Announced this week at the Inside Bitcoins conference the new DATA industry group aims to represent businesses not just in the Bitcoin space but any digital asset including, “emerging payments, virtual currency, and other financial technology innovations”.
DATA, or the Digital Asset Transfer Authority’s founding members include the CEO’s of leading Bitcoin businesses such as BitInstant, BitPay, & BitStamp as well as the CEO’s of other digital currency businesses including Ripple’s OpenCoin and Ven.
However, the groups stated goals seem sure to heat up the regulation debate.
From DATA’s official announcement …
To reach this potential, to inspire confidence in the services we offer, and to ensure fair and responsible treatment of consumers and merchants, we believe our industry must evolve in compliance with law and regulation. We must work proactively with regulators and policymakers to adapt their requirements to our technologies and business models. We must develop and implement common risk management and compliance standards that address the public policy concerns associated with our businesses. And our firms must build risk management and compliance programs that meet those standards.
This would seem to suggest a willingness to alter software protocols to appease authorities. Many in the Bitcoin community, such as the Bitcoin 2 authors, have been fearing such proposals and the possibility that they will lead to Bitcoin being watered down and absorbed by the current financial establishment.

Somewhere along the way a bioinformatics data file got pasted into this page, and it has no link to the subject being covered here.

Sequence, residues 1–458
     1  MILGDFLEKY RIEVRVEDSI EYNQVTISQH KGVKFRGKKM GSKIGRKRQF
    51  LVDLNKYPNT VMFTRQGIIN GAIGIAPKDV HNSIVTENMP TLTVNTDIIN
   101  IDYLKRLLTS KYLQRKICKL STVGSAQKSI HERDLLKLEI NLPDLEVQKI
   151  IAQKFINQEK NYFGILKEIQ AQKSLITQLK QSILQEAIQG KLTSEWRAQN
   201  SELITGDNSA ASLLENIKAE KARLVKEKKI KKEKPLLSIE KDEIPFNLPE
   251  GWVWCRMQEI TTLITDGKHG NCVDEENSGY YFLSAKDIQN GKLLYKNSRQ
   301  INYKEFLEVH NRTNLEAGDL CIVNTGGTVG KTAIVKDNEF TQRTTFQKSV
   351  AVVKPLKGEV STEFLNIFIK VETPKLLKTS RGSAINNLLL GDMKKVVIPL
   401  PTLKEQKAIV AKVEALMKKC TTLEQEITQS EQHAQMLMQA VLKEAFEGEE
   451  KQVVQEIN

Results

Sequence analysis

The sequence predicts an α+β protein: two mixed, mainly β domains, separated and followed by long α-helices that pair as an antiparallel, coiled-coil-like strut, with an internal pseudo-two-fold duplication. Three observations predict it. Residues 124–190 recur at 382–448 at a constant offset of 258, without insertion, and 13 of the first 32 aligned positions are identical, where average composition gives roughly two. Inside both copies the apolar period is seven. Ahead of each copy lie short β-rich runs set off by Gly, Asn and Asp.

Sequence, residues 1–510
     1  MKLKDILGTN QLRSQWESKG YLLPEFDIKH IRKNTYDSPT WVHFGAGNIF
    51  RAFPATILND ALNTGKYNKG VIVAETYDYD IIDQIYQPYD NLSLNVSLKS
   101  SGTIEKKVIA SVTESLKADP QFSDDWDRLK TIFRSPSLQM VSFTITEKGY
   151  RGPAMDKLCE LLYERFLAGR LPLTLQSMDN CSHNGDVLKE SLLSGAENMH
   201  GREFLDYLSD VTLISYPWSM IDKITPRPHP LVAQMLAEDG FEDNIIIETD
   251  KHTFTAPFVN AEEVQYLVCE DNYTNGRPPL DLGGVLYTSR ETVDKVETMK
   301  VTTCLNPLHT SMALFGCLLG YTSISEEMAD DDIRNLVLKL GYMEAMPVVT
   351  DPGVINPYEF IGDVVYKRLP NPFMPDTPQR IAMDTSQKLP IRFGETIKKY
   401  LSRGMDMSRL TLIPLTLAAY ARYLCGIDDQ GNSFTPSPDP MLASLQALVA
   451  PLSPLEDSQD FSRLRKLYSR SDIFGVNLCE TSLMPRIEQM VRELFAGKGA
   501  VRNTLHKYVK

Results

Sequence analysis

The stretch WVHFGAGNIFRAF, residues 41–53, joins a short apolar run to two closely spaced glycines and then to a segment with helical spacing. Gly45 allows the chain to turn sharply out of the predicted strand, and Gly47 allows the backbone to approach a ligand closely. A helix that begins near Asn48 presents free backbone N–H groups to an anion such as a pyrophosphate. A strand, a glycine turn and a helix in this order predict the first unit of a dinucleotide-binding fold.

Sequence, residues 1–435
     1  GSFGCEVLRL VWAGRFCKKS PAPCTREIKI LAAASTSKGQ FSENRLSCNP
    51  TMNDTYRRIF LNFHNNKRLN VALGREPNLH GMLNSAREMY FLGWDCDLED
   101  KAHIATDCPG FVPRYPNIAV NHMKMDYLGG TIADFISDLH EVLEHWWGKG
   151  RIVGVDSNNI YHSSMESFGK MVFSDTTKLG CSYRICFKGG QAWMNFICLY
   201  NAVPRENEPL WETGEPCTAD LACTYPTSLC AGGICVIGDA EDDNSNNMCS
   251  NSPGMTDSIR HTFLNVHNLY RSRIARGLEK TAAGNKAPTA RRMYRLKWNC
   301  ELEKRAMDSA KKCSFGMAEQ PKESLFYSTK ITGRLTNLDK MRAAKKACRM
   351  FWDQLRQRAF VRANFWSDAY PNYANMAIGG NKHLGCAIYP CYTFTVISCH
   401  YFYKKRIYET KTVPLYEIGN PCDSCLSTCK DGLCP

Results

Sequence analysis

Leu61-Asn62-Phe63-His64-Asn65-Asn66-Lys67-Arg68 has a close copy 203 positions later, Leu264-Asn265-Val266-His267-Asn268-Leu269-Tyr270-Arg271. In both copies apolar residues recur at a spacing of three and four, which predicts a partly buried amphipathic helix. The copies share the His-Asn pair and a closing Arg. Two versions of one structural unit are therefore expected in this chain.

For example, an elimination of Bitcoin irreversibility which could transform it into simply a PayPay 2.0, or as the Bitcoin Foundation’s Jon Matonis put it “Govcoin”. In a new post for American Banker, Don’t Let Bitcoin Morph into Govcoin, Jon expresses his concern with an over eagerness of industry organizations to appease regulators.
Although SROs can be extremely beneficial in advancing an industry, clear political lines must be drawn to mitigate the risk that an SRO would be co-opted by government and this is where it gets tricky. To avoid more direct and onerous regulations, the government may ask the SRO for certain guidelines or rules to be incorporated among its membership. If such modifications are objectionable to the majority of industry participants, the SRO faces the dilemma of challenging the authorities and risking its relevance or being complicit in harmful and over-reaching backdoor legislation.
The path of complicity ultimately leads to an SRO that has strayed from its core constituency and could be absorbed by the government as a direct regulatory body. The SRO should periodically conduct a reality check by remembering Voltaire’s words: “To learn who rules over you, simply find out who you are not allowed to criticize.”